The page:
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Julie Hahn, left, and volunteer Paula Jarema plan their schedule for the morning.
Many patients faced with hospitalization are under a great deal of stress, but thanks to the Department of Nursing’s Integrative Care Reiki Volunteer Program, these patients—and their families—have a way to relax.
Reiki (pronounced ray-kee) therapy is a form of energy healing that helps the body use its own ability to balance itself. It involves light touch at certain points along the body, and is designed to promote stress reduction, relaxation and healing.
The program began as a pilot in July 2009, with volunteers trained to provide Reiki in nine designated units in the hospital. Now, with 60 volunteers and 25 candidates currently undergoing training, the program has provided 6,500 20-minute sessions in 30 units of the hospital including oncology, cardiology, medical surgical and neurology.
“It’s a young program, but the response has been tremendous,” said Julie Hahn, coordinator of the Reiki Volunteer Program. “It’s a wonderful way to support people who are in a very stressful environment.”
Heart transplant recipient Matt McCabe and his wife, Gayle, both benefited from Reiki sessions throughout McCabe’s four-month stay at the hospital at the end of 2010.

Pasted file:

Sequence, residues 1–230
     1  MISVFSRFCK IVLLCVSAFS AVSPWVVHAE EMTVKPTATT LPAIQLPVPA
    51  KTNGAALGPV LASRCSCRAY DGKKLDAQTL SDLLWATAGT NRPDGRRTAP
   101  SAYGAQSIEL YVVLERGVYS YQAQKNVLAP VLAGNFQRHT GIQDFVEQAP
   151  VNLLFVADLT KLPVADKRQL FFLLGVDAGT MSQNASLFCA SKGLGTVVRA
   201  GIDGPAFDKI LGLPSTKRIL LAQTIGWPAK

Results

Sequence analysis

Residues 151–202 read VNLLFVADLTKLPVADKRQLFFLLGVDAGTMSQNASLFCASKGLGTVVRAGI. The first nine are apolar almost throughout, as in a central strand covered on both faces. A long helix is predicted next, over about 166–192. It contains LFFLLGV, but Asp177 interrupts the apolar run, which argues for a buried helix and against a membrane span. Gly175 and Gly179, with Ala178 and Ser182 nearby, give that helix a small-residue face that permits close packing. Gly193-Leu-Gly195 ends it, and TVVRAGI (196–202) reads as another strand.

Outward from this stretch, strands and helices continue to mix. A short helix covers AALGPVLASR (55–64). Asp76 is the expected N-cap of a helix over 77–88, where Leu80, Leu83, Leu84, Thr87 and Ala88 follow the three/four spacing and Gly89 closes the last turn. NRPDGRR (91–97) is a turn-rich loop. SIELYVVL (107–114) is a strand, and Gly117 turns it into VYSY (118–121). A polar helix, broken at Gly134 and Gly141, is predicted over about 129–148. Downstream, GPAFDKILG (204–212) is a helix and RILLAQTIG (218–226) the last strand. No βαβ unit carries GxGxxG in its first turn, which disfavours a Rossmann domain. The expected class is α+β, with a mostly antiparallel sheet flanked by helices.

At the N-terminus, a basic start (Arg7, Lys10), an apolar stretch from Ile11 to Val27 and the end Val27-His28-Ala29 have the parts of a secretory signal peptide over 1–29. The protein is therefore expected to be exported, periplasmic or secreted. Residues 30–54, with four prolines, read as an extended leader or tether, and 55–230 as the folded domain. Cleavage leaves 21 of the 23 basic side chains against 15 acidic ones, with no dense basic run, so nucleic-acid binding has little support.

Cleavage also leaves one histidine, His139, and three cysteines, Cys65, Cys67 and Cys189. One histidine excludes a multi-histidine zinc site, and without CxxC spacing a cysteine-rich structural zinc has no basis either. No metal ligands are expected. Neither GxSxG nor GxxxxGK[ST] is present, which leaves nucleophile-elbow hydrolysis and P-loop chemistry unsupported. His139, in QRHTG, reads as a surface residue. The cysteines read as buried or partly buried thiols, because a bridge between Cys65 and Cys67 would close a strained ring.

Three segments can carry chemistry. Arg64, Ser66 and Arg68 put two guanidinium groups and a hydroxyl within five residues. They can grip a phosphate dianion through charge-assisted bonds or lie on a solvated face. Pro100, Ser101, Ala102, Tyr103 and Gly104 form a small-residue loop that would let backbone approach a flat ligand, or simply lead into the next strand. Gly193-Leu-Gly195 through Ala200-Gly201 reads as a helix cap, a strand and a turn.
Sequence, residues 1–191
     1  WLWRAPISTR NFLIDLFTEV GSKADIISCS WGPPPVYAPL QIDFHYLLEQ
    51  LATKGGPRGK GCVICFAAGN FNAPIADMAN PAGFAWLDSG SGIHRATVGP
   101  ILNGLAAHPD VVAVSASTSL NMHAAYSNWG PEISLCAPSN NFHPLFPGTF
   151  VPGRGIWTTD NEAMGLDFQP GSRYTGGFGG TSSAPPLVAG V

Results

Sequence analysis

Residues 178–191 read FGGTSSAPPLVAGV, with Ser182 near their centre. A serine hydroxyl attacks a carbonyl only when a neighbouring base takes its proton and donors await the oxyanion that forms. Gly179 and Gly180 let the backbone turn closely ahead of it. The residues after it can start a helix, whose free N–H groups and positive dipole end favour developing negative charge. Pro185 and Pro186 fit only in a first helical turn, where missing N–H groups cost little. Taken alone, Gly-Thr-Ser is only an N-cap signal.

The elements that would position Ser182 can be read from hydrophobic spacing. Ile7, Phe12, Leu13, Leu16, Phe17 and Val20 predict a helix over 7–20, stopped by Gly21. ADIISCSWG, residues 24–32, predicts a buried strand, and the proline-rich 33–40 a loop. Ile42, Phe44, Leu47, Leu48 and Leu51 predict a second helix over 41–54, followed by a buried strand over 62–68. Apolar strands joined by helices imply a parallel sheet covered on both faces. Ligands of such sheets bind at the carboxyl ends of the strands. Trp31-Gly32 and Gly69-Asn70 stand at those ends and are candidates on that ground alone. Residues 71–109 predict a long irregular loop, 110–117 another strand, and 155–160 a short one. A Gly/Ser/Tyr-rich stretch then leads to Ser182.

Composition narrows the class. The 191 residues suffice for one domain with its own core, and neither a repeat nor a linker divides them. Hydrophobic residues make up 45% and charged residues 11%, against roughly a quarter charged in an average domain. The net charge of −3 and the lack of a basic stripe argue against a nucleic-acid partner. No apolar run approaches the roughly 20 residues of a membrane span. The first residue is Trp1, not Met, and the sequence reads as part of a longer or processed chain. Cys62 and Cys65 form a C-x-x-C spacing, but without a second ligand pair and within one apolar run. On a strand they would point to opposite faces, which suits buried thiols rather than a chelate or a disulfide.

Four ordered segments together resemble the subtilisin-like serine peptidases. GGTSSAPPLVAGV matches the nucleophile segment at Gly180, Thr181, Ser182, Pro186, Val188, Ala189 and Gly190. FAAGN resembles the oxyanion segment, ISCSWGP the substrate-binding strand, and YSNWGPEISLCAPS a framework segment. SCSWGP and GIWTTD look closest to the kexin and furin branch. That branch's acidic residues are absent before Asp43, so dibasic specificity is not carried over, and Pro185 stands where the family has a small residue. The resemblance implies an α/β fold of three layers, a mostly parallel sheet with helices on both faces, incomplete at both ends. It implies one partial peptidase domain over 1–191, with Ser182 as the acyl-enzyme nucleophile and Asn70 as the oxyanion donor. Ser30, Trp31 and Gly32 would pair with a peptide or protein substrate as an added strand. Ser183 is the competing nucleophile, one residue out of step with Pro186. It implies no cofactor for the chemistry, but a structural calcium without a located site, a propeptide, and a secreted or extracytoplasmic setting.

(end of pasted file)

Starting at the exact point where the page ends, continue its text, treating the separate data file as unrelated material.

“When you’re a transplant candidate, you’re just sitting there waiting for that call,” said McCabe, who is now home in Jordan, New York, after leaving BWH in December with a new heart. “It was very stressful for both my wife and me, but the Reiki sessions helped us relax and kind of let things go.”
Eileen Molina, RN, MS, nursing director of Tower 5AB, agrees that Reiki treatments are invaluable for many of the patients on her floor.
“It’s amazing to watch what a difference it makes for patients,” Molina said. “At the end of the session, they have less nausea and pain, and many of them sleep better. After a Reiki session, they have a better day.”
Hahn says the support the program gets from nursing directors and other staff on the floor is essential for the success of the program. Every day, she works with nurses throughout the hospital to identify patients who could benefit from treatment. She then schedules the sessions and ensures that a volunteer will be available for each patient who is interested—not an easy feat considering many of the patients are in and out of their rooms throughout the day for a number of reasons, including surgery, chemotherapy and radiation treatments.
But, Hahn says, after seeing the benefit Reiki has on their patients, many nurses and physicians are now requesting this intervention for their patients.
“On any given Wednesday, after the Reiki volunteers do their rounds, there’s a different feeling in the unit,” said Suzanne Silvernail, RN, nursing director on Tower 15D. “Many patients are sleeping or just lying there, relaxed. It’s very nice.”
The Center for Nursing Excellence’s Integrative Care Program also offers Reiki certification for nurses. E-mail email@example.com for more information.
Watch Julie Hahn in action.